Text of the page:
“A Curious World Indeed!”

Third Sunday of Advent                                                                                                14 December 2014

(Isaiah 61: 1-4, 8-11   1 Thessalonians 5:16-24   John 1: 6-8, 19-28)

“A Curious World Indeed!”

Do children still read “Alice’s Adventures in Wonderland?”  The Adventures begins with Alice sitting in a field with her sister.   Alice sees a white rabbit and takes off running after the rabbit.  When the rabbit goes down a rabbit hole, Alice is right behind it, but immediately begins falling and falling and falling.  As she falls she begins thinking all kinds of girl things when suddenly, “Thump!”  she comes to a sudden halt upon a heap of sticks and dry leaves. It was quite a long fall!

Alice became convinced she had fallen right through the earth and was destined to come out the other side where people would be upside down.   Or maybe she would be the one upside down!  Alice was surely afraid of coming out into a strange and different world.  But when Alice landed, she discovered that the world she entered was not upside down, but certainly was out of proportion to everything she was used to!  First she is too big; then she is too small.  Alice is in a very strange world, indeed!

In many ways, Alice’s Adventures in Wonderland reminds me of where we are on this Third Sunday of Advent.   Although not quite like Alice falling through a rabbit hole, we are moving through Advent, and today hearing, in all three scripture texts, a new world being imagined!

The graced visionary Isaiah prophesies a world where captives are freed, where the hungry are filled, where healers sooth every pain, where all those shackled are set free, and where the naked and the shamed are clothed with justice and dignity.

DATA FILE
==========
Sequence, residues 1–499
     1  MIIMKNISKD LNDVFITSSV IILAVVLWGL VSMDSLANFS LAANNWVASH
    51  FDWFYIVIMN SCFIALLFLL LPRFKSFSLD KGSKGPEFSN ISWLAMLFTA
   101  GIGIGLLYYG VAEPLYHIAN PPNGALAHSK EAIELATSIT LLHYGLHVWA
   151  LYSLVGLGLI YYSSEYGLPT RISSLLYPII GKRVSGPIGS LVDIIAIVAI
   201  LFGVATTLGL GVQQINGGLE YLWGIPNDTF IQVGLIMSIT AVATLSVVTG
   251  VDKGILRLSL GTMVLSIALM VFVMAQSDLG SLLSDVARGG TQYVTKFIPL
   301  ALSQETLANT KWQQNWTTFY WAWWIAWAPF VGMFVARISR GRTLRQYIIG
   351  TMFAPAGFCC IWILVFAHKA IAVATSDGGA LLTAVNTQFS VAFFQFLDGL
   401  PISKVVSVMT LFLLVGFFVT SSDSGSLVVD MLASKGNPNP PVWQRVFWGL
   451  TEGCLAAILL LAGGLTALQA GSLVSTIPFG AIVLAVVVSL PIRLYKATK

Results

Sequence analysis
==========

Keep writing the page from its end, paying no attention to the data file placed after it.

“This is the one for whom we wait with joy,” Paul says, “the one in whom hope and healing, freedom and salvation will find expression in our lives and in our world.”   It is a world turned upside down and inside out!

I am reminded again of the encyclical by Pope Francis, The Joy of the Gospel, where he speaks of living the Good News in a world not always on the same page. Certainly the Pope knows all the evils that plague our planet, yet he encourages believers to live and to preach the joy of the Gospel.

At one point he admits that, “The great danger in today’s world, pervaded as it is with consumerism, is the desolation born of a complacent heart and the feverish pursuit of frivolous pleasures.” 2   But then he immediately follows by saying [I love this!], “Those who follow Jesus need to evangelize in the face of this with a fierce and unrelenting joy; an evangelizer must never look like someone who has just come back from a funeral!”  I think what he is saying is that our vision and desire for what can be must never be clouded over by the darkness we too often experience  in our lives.

Paul, in his first-ever correspondence, reminds the Thessalonians and all of us to sustain and support the joy of the Gospel with prayer.  It is in prayer, Paul reminds us, that discernment comes, and in prayer what we are more sensitive to the presence of the Spirit in the world.